The Yawpers slug your mug, sit your ass down, put a stiff drink in your hand, then kick the chair out from under you with their latest release, Boy in a Well. The Denver-based trio draws on the influences of Elvis, Springsteen, Aerosmith and their own lives to create a unique flavor of in-your-face angst-rock. They masterfully unite the grounded sounds of gravelly southern blues harmony, the we-don’t-give-a-shit grunge-like guitar distortion, and an unexpectedly tender indie-folk lyricism. Boasting a sound all their own, they weave a dubious tale keeping their fans on their toes from first note to last.

 

Boy in a Well is a grislier and more maniacally forsaken narrative than The Yawpers’ previous album, American Man.  Where American Man wanted to reconcile the perception of American prosperity with the latest transmutations degrading the everyman’s daily routine in the US, Boy in a Well asks an altogether different question. Their most recent dozen-track record takes us a hundred years back in time and across the Atlantic to blur the lines of rectitude and wanton capriciousness in France during World War I.

 

Harkening back to literary muses (The Yawpers take their name from a Walt Whitman poem), Boy in a Well is strongly reminiscent of a Shakespearean tragedy. Any moment of humor or joy is sharply punctuated by a dark and dirty deed made more salient by frontman and lead-vocalist, Nate Cook’s voice.

 

Bouncing between forlorn woe and foot-tapping, face-slapping, frenzied lyrics, The Yawpers’ latest release tells a disconsolate story of one woman’s terrible choices. As the world begins changing history with the Great War, Boy in a Well tells the story of a mother pitching her unwanted newborn into a well. Cook’s vocals carry the story from the pinnacle of profuse elation to the profundity of fatalistic emotion, while Jesse Parmet’s ethereal melodies and Noah Shomberg’s rhythms set each song against its own backdrop.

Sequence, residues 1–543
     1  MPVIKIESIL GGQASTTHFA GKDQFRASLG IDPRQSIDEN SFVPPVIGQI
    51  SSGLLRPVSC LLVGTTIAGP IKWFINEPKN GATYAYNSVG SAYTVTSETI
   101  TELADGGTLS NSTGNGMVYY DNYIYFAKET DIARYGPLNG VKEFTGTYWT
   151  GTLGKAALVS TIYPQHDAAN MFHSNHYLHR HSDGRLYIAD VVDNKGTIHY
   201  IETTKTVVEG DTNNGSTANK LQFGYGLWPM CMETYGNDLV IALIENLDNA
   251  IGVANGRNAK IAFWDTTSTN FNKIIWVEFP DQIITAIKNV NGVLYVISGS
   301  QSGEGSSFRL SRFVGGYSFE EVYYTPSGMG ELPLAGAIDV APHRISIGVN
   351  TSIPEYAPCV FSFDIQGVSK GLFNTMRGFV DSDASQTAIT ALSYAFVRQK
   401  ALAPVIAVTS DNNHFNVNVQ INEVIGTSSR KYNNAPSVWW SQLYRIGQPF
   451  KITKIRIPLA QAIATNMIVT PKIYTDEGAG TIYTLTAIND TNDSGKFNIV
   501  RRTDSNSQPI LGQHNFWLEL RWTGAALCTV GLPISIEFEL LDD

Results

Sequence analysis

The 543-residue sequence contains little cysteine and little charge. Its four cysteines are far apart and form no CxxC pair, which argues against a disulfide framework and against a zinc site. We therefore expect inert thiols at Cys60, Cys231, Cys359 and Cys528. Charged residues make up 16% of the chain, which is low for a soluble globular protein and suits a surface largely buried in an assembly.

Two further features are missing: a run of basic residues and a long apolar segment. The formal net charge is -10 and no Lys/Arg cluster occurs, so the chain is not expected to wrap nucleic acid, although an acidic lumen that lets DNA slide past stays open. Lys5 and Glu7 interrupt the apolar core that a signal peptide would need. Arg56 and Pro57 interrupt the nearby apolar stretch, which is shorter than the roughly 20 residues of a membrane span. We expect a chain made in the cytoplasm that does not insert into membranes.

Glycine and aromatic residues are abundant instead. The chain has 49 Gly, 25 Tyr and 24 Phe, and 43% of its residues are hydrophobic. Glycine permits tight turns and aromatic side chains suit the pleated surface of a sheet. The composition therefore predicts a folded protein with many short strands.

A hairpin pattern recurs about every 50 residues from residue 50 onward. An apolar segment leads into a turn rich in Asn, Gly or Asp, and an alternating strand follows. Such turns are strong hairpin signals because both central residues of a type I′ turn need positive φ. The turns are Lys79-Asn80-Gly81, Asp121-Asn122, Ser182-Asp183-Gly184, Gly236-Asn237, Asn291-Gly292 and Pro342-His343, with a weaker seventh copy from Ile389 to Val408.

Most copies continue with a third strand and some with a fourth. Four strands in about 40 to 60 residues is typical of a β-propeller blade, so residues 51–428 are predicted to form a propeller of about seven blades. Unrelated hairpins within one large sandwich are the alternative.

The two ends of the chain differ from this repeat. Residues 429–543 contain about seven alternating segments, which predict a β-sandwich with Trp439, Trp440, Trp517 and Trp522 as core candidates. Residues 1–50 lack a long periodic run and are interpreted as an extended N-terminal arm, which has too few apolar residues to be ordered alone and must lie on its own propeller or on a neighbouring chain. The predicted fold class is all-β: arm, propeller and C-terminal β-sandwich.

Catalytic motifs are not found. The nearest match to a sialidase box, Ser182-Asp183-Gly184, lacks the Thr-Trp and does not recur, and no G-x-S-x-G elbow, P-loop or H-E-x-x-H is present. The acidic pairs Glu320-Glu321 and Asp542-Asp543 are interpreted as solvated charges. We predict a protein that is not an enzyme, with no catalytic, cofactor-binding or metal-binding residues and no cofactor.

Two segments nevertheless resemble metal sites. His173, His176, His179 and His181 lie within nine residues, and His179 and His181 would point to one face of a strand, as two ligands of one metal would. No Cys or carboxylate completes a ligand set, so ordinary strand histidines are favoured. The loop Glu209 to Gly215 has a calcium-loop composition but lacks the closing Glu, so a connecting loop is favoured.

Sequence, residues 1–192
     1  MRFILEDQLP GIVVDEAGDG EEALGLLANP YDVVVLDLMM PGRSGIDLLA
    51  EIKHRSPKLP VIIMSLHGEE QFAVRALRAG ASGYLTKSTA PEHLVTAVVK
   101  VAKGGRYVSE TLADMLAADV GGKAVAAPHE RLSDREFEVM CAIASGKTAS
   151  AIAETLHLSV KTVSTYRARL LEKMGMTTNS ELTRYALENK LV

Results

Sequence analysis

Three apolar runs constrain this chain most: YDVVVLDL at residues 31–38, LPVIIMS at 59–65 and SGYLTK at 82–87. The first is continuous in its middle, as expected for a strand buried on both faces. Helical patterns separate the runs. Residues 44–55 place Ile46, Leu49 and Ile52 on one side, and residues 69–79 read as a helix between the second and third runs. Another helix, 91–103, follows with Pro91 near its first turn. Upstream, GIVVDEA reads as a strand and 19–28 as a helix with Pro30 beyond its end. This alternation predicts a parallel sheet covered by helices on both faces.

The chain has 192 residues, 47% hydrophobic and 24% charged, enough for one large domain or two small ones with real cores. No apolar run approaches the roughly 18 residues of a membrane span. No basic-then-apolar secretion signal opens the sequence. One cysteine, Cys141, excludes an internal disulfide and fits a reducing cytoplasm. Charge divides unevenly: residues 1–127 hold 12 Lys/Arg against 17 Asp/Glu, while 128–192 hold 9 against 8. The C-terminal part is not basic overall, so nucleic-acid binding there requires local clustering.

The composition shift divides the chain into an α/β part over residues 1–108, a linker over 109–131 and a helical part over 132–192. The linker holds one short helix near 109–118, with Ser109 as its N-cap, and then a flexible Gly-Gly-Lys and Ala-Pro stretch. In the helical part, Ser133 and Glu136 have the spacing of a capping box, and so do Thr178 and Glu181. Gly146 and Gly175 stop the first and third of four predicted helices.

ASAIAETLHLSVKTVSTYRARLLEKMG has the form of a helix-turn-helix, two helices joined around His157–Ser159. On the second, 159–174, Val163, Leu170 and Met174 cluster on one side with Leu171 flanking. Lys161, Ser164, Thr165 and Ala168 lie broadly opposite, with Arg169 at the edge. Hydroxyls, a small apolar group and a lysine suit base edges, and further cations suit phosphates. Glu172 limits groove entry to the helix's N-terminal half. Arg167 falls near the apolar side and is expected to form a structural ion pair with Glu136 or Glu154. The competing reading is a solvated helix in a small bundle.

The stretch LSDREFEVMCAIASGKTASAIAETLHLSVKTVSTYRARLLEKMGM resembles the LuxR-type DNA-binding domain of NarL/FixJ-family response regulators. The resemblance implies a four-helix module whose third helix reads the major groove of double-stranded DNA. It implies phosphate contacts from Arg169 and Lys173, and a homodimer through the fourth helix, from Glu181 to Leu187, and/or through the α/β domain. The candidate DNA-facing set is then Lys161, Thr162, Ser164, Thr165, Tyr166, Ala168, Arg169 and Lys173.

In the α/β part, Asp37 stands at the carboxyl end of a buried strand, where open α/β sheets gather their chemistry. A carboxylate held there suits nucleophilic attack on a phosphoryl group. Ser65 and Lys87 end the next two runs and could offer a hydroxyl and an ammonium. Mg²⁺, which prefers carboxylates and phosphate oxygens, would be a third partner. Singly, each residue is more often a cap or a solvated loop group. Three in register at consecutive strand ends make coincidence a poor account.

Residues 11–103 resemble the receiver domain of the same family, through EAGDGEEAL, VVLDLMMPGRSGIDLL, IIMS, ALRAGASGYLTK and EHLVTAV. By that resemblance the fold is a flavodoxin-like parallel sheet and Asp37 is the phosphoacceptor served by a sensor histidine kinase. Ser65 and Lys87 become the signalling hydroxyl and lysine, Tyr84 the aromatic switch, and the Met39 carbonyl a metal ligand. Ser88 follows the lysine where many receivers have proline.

The album chronicles an account that initially starts on a potentially positive note, but descends shockingly quickly into tribulation before they crank it up to 11. Offering such sharp contrast in a single album is reason enough to make Boy in a Well stand out from its peers.  Ranging from almost hopeful tracks like, ”A Visitor is Welcomed,” to songs stretched thin in their distress such as “No Going Back,” The Yawpers’ capable story-telling demands attention.

 

The only blemish this album is guilty of presenting is a stylistic choice of the vocals. Though each track hits with the full force of the soul you can’t help but feel went into each, it can leave you wanting more. The real shame is that what you want more of is the story – and worse yet, it’s there!  You just can’t hear it. Some of the lyrics, while they sound great, can be difficult to understand. Normally, this isn’t such a noticeable issue, but when paired with the comic book (illustrated by J.D. Wilkes) you really miss clarity in the lyrics.

 

Despite that minor grievance, you still owe yourself a favor: experience the album along with the accompanying comic book of the same title, Boy in a Well. J.D Wilkes’ artistic style compliments The Yawpers’ gritty sound to leave a complete and genuine story you’ll want to your friends (but maybe not family) to experience. The best part of what The Yawpers do with this album’s story is their take on a classic literary trope, it has a twist at the end as questionable as it is grotesque.

 

If you’re just now hearing about The Yawpers, you’ve got some catching up to do, amigo. Cook’s cleverly written lyrics in “Room with a View” make surprising, yet mournful sense when paired with the comic: “What is future what is past? / Every cry returns to him / In a room with an echo, room with one wall and a hunger to consume them all / In a room with a view.”

 

The Yawpers’ latest, Boy in a Well, is out on August 18 and offers 12 tracks of Poe-worthy story-telling through guilty-pleasure southern grunge folk-indie goodness.

  • White Facebook Icon
  • White Twitter Icon
  • White Instagram Icon

Copyright 2020 © Dive In Media, LLC.  All Rights Reserved